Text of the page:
Thursday June 20, 2013
You, Cancer, and Ridiculous Spending Priorities of a Government Gone MadJoe Clifford Salem-News.com
Does it make sense to spend 700 billion trying to kill people and a mere 5 billion trying to keep people alive?
(JAMESTOWN, RI) - We all know someone who has cancer, had cancer, or died of cancer, and there is a 41% chance that readers of this article will get cancer.
Over half a million Americans died of cancer last year; that's correct, your read it correctly, over half a million in one year! So what is your government doing about it? Very little.
The National Cancer institute received about 50 billion dollars over the last 10 years to find a cure for cancer, which to the casual reader might sound impressive, but when put in perspective it is embarrassing.
During the same 10 year period the government spent 1.26 trillion dollars on the wars in Iraq and Afghanistan.
So government spent 50 billion attempting to find a cure for cancer and save countless lives, while spending 1.26 trillion dollars attempting to kill people in Iraq and Afghanistan.
Make any sense at all? Of course not; there isn't any rational or logical justification for spending so much more trying to kill people, rather than saving lives. Some may be naive enough to say that the wars in Iraq and Afghanistan were a matter of necessity, but no one can supply you with a rational reason or explanation for why we are there. Go ahead test yourself. Why did we fight a war in Iraq, and try to explain what we are doing in Afghanistan?
The 9/11 tragedy induced a phobic fear of “terrorism” which led to an all out unnecessary war on Iraq, a nation which had nothing to do with 9/11, and has allowed corporations to make billions exploiting the phobia.
The sanctions on Iraq, followed by a totally unnecessary war on the people of Iraq, resulted in over one million deaths. Just a total waste of human life. Spending on the war on terror is ludicrous.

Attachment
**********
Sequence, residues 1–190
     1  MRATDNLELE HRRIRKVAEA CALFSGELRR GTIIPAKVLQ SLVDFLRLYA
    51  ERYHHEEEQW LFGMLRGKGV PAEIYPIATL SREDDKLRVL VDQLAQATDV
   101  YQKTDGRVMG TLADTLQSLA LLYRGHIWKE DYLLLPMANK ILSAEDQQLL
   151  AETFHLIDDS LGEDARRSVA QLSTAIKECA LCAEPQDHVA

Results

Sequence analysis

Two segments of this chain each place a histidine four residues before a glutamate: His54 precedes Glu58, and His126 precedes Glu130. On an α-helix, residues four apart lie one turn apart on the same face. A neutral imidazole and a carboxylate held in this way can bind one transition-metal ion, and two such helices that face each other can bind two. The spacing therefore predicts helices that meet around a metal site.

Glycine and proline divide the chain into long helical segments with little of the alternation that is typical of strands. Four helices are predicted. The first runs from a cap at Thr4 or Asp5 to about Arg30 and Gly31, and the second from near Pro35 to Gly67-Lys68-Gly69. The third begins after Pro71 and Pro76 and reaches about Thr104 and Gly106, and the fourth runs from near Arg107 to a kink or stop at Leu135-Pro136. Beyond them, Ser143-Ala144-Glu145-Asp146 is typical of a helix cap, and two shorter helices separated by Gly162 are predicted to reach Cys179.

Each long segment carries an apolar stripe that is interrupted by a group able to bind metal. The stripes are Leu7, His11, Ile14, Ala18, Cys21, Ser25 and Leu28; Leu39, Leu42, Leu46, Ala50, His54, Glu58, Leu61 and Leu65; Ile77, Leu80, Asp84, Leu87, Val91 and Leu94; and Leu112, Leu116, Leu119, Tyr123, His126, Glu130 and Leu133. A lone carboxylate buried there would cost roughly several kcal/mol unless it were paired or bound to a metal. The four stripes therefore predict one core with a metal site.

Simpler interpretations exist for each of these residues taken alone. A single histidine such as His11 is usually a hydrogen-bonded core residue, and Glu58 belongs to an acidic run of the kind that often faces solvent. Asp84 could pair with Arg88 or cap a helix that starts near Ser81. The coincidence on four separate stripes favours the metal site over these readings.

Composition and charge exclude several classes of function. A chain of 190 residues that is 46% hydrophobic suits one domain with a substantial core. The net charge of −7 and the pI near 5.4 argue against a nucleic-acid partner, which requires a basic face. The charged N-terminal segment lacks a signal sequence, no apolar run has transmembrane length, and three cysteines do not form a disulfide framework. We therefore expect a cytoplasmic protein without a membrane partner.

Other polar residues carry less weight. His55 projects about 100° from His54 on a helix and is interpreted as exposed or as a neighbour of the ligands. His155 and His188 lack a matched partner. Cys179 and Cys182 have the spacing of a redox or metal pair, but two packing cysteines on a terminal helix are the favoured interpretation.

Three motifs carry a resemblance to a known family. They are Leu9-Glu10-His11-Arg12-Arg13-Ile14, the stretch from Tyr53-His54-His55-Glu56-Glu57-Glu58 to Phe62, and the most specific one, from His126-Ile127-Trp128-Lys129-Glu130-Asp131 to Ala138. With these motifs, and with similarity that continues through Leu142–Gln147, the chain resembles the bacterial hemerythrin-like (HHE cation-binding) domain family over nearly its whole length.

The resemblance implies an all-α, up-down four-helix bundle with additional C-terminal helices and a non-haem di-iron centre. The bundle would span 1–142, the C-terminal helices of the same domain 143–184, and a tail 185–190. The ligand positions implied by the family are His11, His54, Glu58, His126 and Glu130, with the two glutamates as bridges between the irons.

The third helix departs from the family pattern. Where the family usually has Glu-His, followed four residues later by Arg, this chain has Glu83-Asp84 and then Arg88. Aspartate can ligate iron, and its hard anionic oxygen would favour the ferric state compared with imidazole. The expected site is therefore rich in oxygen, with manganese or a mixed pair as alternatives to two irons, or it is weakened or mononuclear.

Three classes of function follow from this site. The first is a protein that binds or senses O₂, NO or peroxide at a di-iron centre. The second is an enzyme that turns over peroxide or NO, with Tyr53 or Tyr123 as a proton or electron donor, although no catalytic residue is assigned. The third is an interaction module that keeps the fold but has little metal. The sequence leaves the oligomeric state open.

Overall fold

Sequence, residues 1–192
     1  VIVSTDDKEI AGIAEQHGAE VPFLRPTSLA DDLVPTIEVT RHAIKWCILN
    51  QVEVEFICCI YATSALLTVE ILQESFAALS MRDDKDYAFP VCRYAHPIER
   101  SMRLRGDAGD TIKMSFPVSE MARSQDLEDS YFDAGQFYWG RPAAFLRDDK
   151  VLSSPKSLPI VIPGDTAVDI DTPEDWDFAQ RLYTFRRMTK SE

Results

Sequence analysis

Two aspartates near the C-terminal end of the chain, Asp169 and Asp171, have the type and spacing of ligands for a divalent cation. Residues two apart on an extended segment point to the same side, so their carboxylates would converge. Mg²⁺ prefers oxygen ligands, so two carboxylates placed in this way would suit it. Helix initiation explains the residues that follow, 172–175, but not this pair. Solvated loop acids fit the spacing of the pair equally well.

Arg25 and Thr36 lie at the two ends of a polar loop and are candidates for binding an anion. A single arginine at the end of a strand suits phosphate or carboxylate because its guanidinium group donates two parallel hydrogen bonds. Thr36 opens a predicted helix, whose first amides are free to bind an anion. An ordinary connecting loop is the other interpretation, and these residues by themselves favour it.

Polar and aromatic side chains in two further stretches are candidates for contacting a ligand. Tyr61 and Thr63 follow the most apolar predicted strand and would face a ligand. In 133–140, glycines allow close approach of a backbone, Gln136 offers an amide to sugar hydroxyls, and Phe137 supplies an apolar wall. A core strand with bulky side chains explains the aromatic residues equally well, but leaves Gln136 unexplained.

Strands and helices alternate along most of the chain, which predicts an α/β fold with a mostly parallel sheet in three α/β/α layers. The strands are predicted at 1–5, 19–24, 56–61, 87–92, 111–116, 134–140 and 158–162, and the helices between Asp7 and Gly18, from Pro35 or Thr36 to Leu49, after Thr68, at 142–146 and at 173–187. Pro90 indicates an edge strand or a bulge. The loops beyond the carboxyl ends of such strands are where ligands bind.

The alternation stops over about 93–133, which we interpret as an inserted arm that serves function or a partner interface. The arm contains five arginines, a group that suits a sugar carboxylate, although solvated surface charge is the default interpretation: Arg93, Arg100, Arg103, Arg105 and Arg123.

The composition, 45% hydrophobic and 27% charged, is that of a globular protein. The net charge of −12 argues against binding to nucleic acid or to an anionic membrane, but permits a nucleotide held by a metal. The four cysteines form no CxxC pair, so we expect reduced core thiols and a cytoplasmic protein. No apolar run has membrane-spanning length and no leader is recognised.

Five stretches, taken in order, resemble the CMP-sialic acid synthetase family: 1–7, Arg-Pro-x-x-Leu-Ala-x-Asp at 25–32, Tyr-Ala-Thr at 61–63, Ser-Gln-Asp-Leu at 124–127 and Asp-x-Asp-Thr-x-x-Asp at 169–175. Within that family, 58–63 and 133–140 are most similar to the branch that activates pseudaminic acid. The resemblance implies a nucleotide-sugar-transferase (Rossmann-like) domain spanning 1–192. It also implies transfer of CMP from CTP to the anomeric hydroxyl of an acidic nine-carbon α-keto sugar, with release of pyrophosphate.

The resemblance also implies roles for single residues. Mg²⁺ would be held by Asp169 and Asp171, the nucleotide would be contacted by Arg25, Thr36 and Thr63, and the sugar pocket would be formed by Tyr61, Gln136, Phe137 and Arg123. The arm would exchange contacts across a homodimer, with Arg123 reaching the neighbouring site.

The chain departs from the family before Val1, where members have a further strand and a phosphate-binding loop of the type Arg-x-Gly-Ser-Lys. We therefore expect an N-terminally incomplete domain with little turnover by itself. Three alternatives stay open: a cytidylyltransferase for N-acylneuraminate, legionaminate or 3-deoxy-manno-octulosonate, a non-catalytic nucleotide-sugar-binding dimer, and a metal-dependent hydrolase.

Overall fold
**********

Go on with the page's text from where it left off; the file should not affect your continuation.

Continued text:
We spend about 500 million dollars per victim on anti-terror efforts, while we spend $10,000 per victim for cancer research. You read that correctly, $500,000,000 per victim of terror, and $10,000 per victim of cancer. Make sense? Of course not!
The military budget this year is over 700 billion dollars. How much is $700 billion? That figure is greater than all the military spending for all the other countries in the world.
Does it make any sense that we should spend more on the military than the combined total of the entire world?
China is the second largest military, and it is a very distant second, spending $143 billion. China only recently began spending large amounts of money on its military for fear of the US, who the Chinese feel is interfering in their corner of the world. To defend themselves from US military pressure in their area, they have embarked on more military spending in the very recent years.
So readers should ask: Does it make sense to spend 700 billion trying to kill people and a mere 5 billion trying to keep people alive?
Does this spending reflect your will, or the will of the American public?
What does it say about a nation who spends so much money trying to kill, and so little trying to save lives?
What have you, as a citizen in a Democracy done about this? When will you get off the couch, pick up the phone, contact your Congressional delegation and let them know you want your government to stop wasting money on death and destruction, and begin to initiate a well funded program for cancer research? If you do nothing, please don't whine when either you, or a loved one, gets cancer.
Salem-News.com Writer Joe Clifford, lives in historic Jamestown, Rhode Island, and has contributed a number of articles relating to foreign policy to newspapers in the Rhode Island area for years.
He graduated from Providence College where he earned an undergraduate and graduate degree. After a lengthy career as a high school teacher he turned to the study of US foreign policy, and then to writing, as a means of expressing an alternative perspective. His reading and research on foreign policy is broad and extensive, especially as the policy relates to the Middle East. His interest in foreign policy was inspired by the American misadventure in Vietnam. You can write to Joe at this address: email@example.com
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